WENDELL — Anyone seeking an example of a positive attitude need only look to Alex Flores.
The 9-year-old Wendell resident wore a sunny smile Monday while selling Kool-Aid for 75 cents a glass with friends and siblings in Wendell.
Alex has undergone 28 surgeries since January when he was struck by a “hay train” — a tractor-trailer pulling three trailers of hay — while crossing a street at an intersection. He lost his left arm as a result of the accident.
“We were worried about his left side,” said Alex’s mother, Brianne Watson.
Initially, the health care team thought Alex would lose his left leg; his femur was broken in three places. But medical teams in Salt Lake City were able to save his leg.
Alex had about a week when his spirits sank, his mother said.
“He asked, ‘Why me?’” she said. Then Alex decided he was glad to be alive.
The experience was rough on the entire family, his parents said. With five other children to care for and with his father, Mike Watson, away driving truck most of the week, family and friends came together to help.
“We had to make time for all the kids,” Mike Watson said. “We wanted to get them to the hospital to see Alex.”
For his part, Alex took the hospital stays in stride.
“The food’s not good in the hospital,” he said. “Except for the corn dogs.”
His aunt and uncle brought him chicken nuggets from McDonald’s when they visited on weekends, he said, or breakfast from IHOP.
Coming home in a wheelchair due to his broken leg, Alex used a ramp to get in and out of the house — but only temporarily.
“It was a blessing to see him walk as soon as he did,” Mike Watson said.
The ramp will remain in place for a while, he said, because Alex still gets a bit tired on outings, and it’s easier for him to use the ramp than the steps.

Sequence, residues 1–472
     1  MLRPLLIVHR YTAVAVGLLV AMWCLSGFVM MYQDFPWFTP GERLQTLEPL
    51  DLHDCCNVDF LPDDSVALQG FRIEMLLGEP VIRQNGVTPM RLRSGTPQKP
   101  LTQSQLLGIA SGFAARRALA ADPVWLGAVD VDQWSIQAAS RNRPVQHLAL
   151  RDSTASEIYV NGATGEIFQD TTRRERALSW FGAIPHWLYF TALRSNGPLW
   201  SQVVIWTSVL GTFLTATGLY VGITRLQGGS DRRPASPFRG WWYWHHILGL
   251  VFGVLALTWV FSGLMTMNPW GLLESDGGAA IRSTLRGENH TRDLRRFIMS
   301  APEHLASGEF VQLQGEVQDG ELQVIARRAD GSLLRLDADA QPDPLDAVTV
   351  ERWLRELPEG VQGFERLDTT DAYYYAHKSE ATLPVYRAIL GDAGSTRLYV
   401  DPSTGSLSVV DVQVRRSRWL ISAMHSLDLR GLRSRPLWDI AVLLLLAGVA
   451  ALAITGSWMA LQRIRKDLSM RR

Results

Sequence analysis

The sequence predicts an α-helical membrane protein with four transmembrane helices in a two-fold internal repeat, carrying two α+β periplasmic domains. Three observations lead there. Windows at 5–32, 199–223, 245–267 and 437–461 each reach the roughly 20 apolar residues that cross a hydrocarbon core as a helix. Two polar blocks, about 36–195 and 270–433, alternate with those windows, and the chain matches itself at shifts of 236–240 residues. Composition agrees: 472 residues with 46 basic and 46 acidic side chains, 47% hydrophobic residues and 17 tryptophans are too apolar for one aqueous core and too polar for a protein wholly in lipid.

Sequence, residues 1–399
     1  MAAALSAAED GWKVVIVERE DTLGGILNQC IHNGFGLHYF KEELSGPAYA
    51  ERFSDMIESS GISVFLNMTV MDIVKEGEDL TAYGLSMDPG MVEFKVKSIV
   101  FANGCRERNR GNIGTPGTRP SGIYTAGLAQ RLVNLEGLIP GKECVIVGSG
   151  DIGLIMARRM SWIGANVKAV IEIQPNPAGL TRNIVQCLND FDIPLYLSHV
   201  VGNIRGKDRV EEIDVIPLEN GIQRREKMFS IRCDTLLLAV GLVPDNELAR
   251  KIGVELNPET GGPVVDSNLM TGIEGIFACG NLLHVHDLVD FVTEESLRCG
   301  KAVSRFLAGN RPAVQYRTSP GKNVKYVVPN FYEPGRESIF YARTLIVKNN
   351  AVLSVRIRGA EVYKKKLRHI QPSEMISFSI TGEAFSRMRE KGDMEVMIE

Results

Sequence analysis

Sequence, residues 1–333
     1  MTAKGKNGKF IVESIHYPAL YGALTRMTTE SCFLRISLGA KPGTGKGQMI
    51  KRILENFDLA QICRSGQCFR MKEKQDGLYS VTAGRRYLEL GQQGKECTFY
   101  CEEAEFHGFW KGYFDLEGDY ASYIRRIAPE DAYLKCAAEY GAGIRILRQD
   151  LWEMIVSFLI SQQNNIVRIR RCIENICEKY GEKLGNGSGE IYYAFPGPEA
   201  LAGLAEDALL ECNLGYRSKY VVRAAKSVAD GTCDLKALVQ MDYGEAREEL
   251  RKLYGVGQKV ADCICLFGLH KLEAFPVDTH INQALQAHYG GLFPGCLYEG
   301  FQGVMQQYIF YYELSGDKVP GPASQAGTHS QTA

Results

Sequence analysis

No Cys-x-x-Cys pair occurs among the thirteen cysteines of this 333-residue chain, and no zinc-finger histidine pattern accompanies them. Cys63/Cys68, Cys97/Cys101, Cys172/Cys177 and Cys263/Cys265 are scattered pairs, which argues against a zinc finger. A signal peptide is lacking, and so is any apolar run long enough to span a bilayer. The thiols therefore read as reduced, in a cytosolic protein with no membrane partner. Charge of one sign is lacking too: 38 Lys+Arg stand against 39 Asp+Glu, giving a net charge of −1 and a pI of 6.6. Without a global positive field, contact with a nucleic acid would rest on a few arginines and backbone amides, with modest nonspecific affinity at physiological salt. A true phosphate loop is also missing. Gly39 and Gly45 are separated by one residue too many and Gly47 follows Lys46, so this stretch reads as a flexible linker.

Brianna Watson sees her son as “stubborn” in a good way.
“I told him he couldn’t mow the grass,” she said. “He said, ‘Yes, I can.’”
“I tied my shoe with one hand today,” Alex said.
There are lots of other things Alex wants to do. He recently told his father he wants to play professional football when he’s older.
“He wants to play baseball and soccer,” Mike Watson said. “He still likes to go fishing.”
While Alex will need to return to Salt Lake City for medical follow-up every three to six months, he’s not going to let that stop him from enjoying his youth.
“He has big dreams,” Brianna Watson said. “He’s not willing to give up.”
Selling Kool-Aid on a warm Monday afternoon may seem one of Alex’s milder dreams, but it earned the youngsters a bit of spending money.
“It’s something to do when they get bored,” his mother said. “Alex doesn’t like to be in the house.”
When he returns to school in the fall, Alex will be a fourth grader at Wendell Elementary. His parents have no concerns about his future.
“He’s a hell of a strong kid,” his father said. “Everybody’s proud of him.”
Alex is definitely proof that a positive attitude makes a huge difference.
“Nothing’s going to stop him,” his mother said with a smile.